This course focuses on the wide variety of English literature composed between roughly 600 and 1500 as a form of entertainment for churches, courts, or town squares. It explores a variety of texts that were read for both edification and pleasure in monastic settings; songs, romances, and assorted vernacular poems that were performed at court; and plays that were enacted during city festivals. While most of the texts studied in this course were written as original compositions, some were recorded after generations of oral performance. Students will investigate the meanings and permeable boundaries of orality, aurality, and literacy in medieval cultures where only a minority were “literate” as understood today. In addition to theories of literary invention, perpetuation, and reception, students will learn effective strategies for close reading of Middle English writings and research methods for learning the contexts in which they became entertainments. The course associates the canon of medieval English literature with the popular culture of the past and today. This course fulfills the Periods and Movements (pre-1800) or the Theory requirement for English majors.
ENGL 357 Environmental Literature (4)
Survey of a broad range of works concerning the American environment and parallel historical and cultural trends. Works are selected from poetry, fiction, and such nonfiction genres as nature essays, autobiography, travel narrative, and political writing.This course fulfills the Periods and Movements or the Theory requirement for English majors.
ENGL 363 Shakespeare and Modernity (4)
This class will grapple with the problem of Modernity (beginning in the late 16th century) by studying the works of William Shakespeare and other English authors of the time period, such as Christopher Marlowe, John Donne, and Edmund Spenser. How do these writers engage with and participate in the momentous cultural shift away from medieval hierarchy and an agrarian economy to the emergent modern world of individual rights and a free market? This course fulfills the Periods and Movements (pre-1800) requirement for English majors.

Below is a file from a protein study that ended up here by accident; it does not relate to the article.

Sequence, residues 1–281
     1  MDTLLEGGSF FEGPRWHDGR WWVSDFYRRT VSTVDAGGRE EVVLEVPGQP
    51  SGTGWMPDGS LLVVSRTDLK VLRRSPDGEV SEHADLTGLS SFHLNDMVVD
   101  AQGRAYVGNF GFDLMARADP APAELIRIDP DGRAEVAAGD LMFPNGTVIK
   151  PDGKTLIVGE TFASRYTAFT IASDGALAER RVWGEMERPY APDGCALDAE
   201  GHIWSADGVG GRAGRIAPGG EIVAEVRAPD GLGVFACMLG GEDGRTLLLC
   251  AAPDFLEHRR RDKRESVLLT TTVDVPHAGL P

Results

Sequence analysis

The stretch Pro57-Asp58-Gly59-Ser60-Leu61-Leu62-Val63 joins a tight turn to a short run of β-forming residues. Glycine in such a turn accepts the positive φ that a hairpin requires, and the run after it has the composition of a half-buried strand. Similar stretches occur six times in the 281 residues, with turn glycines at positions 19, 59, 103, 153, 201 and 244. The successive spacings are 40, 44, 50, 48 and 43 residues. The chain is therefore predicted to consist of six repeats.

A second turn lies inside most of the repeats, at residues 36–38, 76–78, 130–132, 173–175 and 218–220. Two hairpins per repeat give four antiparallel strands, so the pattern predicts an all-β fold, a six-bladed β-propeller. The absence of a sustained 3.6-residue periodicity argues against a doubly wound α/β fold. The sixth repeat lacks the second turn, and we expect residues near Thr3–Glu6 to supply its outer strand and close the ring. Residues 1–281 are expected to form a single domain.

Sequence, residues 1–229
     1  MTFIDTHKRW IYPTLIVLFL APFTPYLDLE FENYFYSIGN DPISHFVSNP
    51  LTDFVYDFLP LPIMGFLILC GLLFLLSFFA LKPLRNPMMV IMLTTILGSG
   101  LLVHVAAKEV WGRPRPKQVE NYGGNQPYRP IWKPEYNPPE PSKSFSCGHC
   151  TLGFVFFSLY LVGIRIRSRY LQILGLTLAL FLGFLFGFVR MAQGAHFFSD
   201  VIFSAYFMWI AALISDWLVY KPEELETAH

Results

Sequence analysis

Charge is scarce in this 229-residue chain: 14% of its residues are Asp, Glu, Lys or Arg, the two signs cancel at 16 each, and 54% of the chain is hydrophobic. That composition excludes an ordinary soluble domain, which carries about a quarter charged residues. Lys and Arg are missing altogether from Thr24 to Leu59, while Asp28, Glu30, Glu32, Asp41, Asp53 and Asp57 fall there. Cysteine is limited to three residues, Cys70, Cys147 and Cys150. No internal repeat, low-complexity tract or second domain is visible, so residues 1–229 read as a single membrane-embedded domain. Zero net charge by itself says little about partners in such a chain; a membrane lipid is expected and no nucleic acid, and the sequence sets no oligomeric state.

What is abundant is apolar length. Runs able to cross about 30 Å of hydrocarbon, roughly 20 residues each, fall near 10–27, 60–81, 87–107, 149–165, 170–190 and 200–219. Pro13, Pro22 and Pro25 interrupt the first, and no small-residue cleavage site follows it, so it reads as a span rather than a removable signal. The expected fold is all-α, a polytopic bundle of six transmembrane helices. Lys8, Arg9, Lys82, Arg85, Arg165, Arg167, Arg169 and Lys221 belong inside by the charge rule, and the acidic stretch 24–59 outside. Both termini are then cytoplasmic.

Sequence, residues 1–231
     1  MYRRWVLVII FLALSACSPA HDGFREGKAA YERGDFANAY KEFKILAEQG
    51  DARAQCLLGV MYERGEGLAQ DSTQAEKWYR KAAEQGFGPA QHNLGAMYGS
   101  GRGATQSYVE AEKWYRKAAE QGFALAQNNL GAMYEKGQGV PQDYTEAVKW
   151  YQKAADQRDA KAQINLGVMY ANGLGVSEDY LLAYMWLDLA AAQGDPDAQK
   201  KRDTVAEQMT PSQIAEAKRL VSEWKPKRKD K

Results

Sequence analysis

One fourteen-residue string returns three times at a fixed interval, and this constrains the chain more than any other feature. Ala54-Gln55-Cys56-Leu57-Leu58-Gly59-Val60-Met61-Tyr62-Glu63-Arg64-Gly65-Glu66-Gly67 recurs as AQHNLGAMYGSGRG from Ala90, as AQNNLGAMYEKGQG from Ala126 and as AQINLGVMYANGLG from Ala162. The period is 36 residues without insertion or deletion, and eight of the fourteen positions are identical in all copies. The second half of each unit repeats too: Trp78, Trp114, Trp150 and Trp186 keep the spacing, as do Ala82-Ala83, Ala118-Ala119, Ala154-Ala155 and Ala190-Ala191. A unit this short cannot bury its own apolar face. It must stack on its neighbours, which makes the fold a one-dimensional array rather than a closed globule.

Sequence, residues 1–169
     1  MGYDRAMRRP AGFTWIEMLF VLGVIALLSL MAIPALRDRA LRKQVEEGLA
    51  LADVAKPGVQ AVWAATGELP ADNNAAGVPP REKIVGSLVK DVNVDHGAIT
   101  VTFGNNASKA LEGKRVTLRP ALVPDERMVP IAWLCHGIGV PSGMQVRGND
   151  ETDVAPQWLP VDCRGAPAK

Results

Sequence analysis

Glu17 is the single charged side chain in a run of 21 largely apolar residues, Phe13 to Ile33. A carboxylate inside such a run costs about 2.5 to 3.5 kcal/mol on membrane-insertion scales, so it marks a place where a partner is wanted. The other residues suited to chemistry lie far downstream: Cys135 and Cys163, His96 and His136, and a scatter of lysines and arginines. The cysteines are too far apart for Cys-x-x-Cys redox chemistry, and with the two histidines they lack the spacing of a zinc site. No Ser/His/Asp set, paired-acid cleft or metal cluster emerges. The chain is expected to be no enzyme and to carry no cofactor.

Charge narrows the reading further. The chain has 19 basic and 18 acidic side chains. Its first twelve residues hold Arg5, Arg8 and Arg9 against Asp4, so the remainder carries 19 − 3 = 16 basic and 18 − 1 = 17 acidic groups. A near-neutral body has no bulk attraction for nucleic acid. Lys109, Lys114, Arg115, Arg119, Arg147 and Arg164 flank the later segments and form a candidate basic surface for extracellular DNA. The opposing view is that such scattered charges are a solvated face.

ENGL 364 War on Heaven: Cosmic Rebellion in Literature and Film (4)
This class will explore the aesthetic, ethical, and political implications of rebelling against the cosmos, the order of the universe. We will begin with Satan’s rebellion against God and his temptation of Eve and Adam in Milton’s Paradise Lost, examining the political, theological, ethical, and gender implications of rejecting divine law, and then ask ourselves how attacks on divine law in literature reflect attitudes about human laws. What justifies political hierarchy in different times and places? How can rejecting and attempting to change a given hierarchy be justified? We will then trace the theme of cosmic rebellion from Milton through the western literary and cinematic traditions, including works such as Mary Shelley’s Frankenstein, Carol Reed’s The Third Man, and Ridley Scott’s Blade Runner. This course fulfills the Periods and Movements (pre-1800) requirement for English majors. This course fulfills the Periods and Movements (pre-1800) requirement for English majors.
ENGL 365 History of Genre (4)
Each iteration of this course examines genre through an historical and and cultural lens, concentrating on points of blur, change, and hybridity. For example, the novel is a genre developed from the other genres of autobiography, letters, travel writing, and journalism. In France and in England, readers and writers of early novels were primarily women. Some male writers even took female pseudonyms to publish potboilers. Yet in the next century female novelists took male pseudonyms in order to be taken seriously. What happened? A course on the novel as genre examines social and historical changes between 1700 and 1900. Other versions of this course might focus on the lyric poem, the epic, or the prose poem. In each course, we ask how genres are culturally created and how they are reinvented. By reading both typical and exceptional examples, students gain an understanding of how “the law of genre” (to use Derrida’s term) is enforced or broken. This course fulfills the Periods and Movements or the Theory requirement for English majors.
ENGL 366 Romanticism in the Literary Marketplace (4)